Virginia Governor Plans to Introduce Cannabis Legalization Bill

In 2020, many Americans are protesting criminal justice funding and tactics—some for the first time, growing and diversifying this coalition.

Leaders from the cannabis industry and industry-adjacent organizations have written and spoken about how the architects of the War on Drugs used cannabis as a means to imprison people of color and opponents of the Vietnam War and some of the effects of prohibition that continue today.

Seven out of 10 Americans now support legalization. Fifteen states and Washington, D.C., have legalized cannabis for adult use, and 36 states and D.C. have legalized medical cannabis, not including CBD-only states. Only a handful of states have not decriminalized.

However, prohibition continues to lead to disproportionate arrests of Black people, restrict job prospects and other opportunities in society for those who are arrested, and prevent prisoners from providing for their families. In states where cannabis is legal for adult use, people are serving time for cannabis offenses for which they were arrested before legalization.

Legalization activists continue the push to legalize cannabis federally, and in the meantime, in individual states, these efforts are gaining momentum, as evidenced by the fact that six pieces of legislation passed in five states last week to legalize adult-use and medical cannabis.

Also, on Election Night, voters decided on several criminal justice measures. Below are descriptions of some of them and how they relate specifically to cannabis.

Oklahoma – State Question 805

Oklahoma State Question 805, which would have limited allowable punishments for certain nonviolent felonies, failed 61.08% to 38.92%.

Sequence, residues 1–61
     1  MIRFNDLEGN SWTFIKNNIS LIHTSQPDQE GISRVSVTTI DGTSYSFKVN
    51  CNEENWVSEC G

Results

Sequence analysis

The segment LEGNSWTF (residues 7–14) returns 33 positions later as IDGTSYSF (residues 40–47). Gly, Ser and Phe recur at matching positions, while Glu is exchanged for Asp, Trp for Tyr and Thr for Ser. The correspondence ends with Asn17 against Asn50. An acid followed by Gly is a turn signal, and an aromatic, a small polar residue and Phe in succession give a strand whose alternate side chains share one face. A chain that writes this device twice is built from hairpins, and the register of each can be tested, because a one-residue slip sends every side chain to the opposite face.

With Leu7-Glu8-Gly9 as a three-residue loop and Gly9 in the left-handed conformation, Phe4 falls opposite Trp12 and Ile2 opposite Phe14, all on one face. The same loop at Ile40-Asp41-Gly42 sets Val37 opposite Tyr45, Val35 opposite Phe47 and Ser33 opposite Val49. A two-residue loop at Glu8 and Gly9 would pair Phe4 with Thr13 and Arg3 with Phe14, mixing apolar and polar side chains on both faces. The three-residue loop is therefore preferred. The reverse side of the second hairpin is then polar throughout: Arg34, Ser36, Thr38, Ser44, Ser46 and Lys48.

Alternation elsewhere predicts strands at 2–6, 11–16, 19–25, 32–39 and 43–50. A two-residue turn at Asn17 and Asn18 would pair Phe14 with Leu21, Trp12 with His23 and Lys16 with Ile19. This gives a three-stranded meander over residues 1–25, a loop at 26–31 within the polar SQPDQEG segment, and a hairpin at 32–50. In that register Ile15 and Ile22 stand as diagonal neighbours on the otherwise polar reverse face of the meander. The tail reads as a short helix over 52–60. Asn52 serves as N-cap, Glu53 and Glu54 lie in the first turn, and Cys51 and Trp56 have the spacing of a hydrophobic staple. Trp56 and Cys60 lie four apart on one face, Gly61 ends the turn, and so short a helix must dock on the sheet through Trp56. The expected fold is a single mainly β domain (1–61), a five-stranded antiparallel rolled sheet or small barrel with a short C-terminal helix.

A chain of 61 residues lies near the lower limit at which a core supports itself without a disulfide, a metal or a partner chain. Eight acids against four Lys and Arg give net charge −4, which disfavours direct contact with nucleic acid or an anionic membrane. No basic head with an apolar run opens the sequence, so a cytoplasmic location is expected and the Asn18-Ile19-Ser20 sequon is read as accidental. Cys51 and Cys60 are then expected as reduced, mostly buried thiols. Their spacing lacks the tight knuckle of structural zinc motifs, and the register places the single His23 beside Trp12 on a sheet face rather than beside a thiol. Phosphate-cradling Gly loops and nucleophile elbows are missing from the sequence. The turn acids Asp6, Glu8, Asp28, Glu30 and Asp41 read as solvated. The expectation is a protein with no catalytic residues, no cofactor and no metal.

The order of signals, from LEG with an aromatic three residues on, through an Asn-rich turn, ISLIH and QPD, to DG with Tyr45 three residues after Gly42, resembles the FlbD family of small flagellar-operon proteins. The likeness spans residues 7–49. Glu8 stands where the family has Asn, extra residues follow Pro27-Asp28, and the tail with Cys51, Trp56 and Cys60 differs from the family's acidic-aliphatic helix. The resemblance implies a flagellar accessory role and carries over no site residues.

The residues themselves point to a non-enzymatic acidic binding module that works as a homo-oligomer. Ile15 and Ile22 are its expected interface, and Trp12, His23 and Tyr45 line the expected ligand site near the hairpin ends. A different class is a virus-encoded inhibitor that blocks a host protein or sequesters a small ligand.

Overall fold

The initiative petition stated that except with regard to violent felonies, “a former conviction for one or more felonies shall not be used to enhance the statutorily allowable base range of punishment, including but not limited to minimum and maximum terms, for a person convicted, whether by trial or plea of guilty or nolo contendere, of a felony.”

Any sentencing and criminal justice reform in the state would affect cannabis, said Ryan Kiesel, an Oklahoma attorney and political consultant who worked on the SQ 805 campaign in his former role as executive director of the ACLU of Oklahoma.

“It’s just a fact that even with a robust medical marijuana program in the state of Oklahoma, there are still people that are going to prison for marijuana offenses in this state,” Kiesel told Cannabis Business Times and Cannabis Dispensary. “I think that that is just a truism, so when we look at drug law reform and sentencing reform, including sentence enhancements, they’re tied together in that way.”

Though about 10% of Oklahoma residents possess patient licenses in the state’s medical marijuana program, Kiesel said people continue to be arrested and imprisoned throughout the state for cannabis.

“I think that there is a sense that that is enough in terms of a remedy to the criminal justice issues that surround marijuana, and it’s just simply not,” he said.

Kiesel noted a recent case where a man, Antonio Lucio, was caught possessing 1.3 ounces of cannabis with intent to distribute and took a plea deal for a seven-year prison term. Because Lucio had prior felony convictions, prosecutors were legally allowed to seek a maximum life sentence, according to the Tahlequah Daily Press. If SQ 805 passed, Kiesel said, Lucio wouldn’t even be serving seven years for the recent possession with intent to distribute conviction.

Vincent Sliwoski, attorney at Harris Bricken, who was not involved with SQ 805, told CBT and CD of its failure: “I think it is unfortunate that you could have people theoretically arrested for a cannabis crime who have had prior convictions and they’re subject to additional punitive matters, and will continue to be, because 805 didn’t pass.”